Authentic Reading: les biograhies des vedettes

apartmentLike every teacher, I try to find authentic materials to incorporate into my lessons and use them for assessments. These two interpretive and presentation activities were a big hit with my students.

My French II students learned new vocabulary relating to identity: I was born . . . , my date of birth, place of birth, family, nationalities and professions. (I’m using Discovering French Blanc). Wikipedia is great for practicing this vocabulary!

I thought it would be more interesting for students to read about stars and their families, including what profession they did originally or what their parents do. I created a une biographie des vedettes by cutting and pasting Wikipedia entries. I edited it a little for comprehension. It’s a boring-looking document, but I gave them the companion sheet which has the stars’ photos on it and asks students to glean information. The companion sheet is here:  Companion sheet to biographie des vedettes

Normally I would have put a premise on this assignment, but it was a fun way for students to review the new vocabulary in a little less-boring context. Students worked on in class.

A few days later I gave students their interpretive reading assessment. The premise was that students worked for either Marie Claire or L’Equipe. They needed to do research on a human-interest story for a journaliste for the magazine. Students chose whether they wanted to research vedettes or joueurs de foot. Here is a copy: Les vedettes research other celebrities ; les joueurs de foot research sports or other celebrities. Students needed to go to Google and search for the names on their sheet. There were to first go to settings and change the language to French (since is blocked at school). I checked to make sure everyone was on the French-language site.

The follow-up to this activity was a presentational assessment. Their journaliste was under a deadline and so you have to give him the information over the phone. I meant to do this in the lab, but students were not all done with their research. So the next day, it worked out even better because students called another student in the class to relay the information. All the students were very serious and they did a good job giving the information in French. I modified the sheets with the questions so students would ask the questions correctly. It is here: spkg test research soccer players and here: spkg test research celebrities

We are now describing our favorite stars and I did a movie talk using Amir’s J’ai cherché music video: It doesn’t have too much of a twist ending, but there is something to talk about with the students. I played the video without the sound and stopped it at each scene to ask students questions about it. Here is a script I wrote up for myself : j’ai cherché amir and I specifically concentrated on these adjectives (heureux is always so hard for them!): ambitieux, amusant, bavarde, compétente, décontracté, égoiste, heureux, impatient, injuste, optimiste, paresseux, patient, sensible, triste, timide.

It went over fairly well to reinforce the new adjectives. The students had heard the song before because I like to play it during the passing period sometimes.



Rejoinders to Increase Student Speaking Ability


Les champs de lavande en Provence

In order to increase students’ speaking ability, they need to have things to say! I’m a big proponent of question cards and while good prompts, they are not good conversations.

I found that I needed to go through the elements of a good conversation with students to help improve their speaking ability and move them up to the next proficiency level.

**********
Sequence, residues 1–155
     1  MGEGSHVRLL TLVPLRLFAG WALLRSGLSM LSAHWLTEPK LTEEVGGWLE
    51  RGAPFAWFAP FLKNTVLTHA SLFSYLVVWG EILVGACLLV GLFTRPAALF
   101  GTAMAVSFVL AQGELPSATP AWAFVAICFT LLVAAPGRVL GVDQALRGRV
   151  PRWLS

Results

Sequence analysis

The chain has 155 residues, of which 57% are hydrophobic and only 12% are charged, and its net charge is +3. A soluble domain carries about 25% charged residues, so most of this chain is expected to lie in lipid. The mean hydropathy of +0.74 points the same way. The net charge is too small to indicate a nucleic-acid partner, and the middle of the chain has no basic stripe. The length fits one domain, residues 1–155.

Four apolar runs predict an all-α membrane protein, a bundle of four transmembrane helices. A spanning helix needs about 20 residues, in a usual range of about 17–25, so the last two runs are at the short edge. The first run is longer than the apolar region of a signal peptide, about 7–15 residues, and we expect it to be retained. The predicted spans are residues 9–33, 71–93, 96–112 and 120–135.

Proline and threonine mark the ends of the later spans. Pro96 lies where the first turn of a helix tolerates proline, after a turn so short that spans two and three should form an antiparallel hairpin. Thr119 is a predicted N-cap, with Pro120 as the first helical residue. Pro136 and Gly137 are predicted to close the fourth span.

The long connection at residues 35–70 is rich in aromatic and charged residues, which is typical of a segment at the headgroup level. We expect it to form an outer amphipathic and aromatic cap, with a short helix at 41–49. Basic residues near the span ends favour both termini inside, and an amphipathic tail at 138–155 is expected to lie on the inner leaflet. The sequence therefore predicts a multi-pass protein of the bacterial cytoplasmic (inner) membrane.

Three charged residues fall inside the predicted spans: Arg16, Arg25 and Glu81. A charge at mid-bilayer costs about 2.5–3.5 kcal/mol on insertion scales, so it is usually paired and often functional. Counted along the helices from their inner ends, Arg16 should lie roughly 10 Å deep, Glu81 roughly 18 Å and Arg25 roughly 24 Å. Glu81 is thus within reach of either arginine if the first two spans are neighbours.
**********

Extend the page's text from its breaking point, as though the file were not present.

Step 1: Conversation Starters

While a little unnatural when using conversation cards, it is important to remember that we normally start out talking to someone in a way that ‘breaks the ice.’ For example, “You know what?” “listen,” “look,” “guess what!” “so,” etc.

In French these would be: Alors, eh bien, écoute, devine quoi, etc.

Step 2: Responses

When we ask someone a question or make a statement to someone in a conversation, the ‘partner’ doesn’t look blankly then ask the next question. There is always a response. It is important to highlight this with students and give them examples of responses.

For example:


Ah bon? (really?)

C’est vrai? (really?)

Moi aussi (me too)


These are pieces of information that are related to the answer to the question or statement:

Où est-ce que tu habites? (J’habite à ______________)

J’ai un ami qui habite à ____

Follow-up Questions:

These are follow up questions you can ask based on your partner’s answer:

Où est-ce que tu habites? (J’habite à ___________________)

Est-ce que tu habites dans une maison ou un appartement? C’est une grande maison?

Things to say when you don’t have anything to add:

French people are great at these interjections and learning them will help students sound more French and help the conversation along.

Voilà/Et voilà – there it is

Tout à fait – exactly, completely. Used when you agree with the person but don’t have anything to add.

Ça y est – That’s it. You’re in agreement

C’est exact – That’s right (I agree)

Step 3: Elaboration

Encourage/remind students every time they are speaking French to add details as much of possible. Give them examples and have them practice.

Où est-ce que tu habites? Loin d’ici ou près d’ici?

Je n’habite pas loin de l’école dans une petite maison avec ma famille.

Step 4: Cheat sheet!

Give students something to go by when they are speaking French. Have a separate cheat sheet for when they are playing games so they can say, “Your turn” and “whose turn is it” etc.

Click here for a sheet you can give students to help them stay in French: Les Expressions Utiles




Performance-Based Grading Part 1

sunflowers (2)

Sunflowers in Provence

Performance-based grading reflects how well students can speak, read, write and understand spoken and written language. Vocab quizzes and tests are great to get students to study vocabulary and grammar, but they don’t do a good job of assessing how well students can maintain a conversation.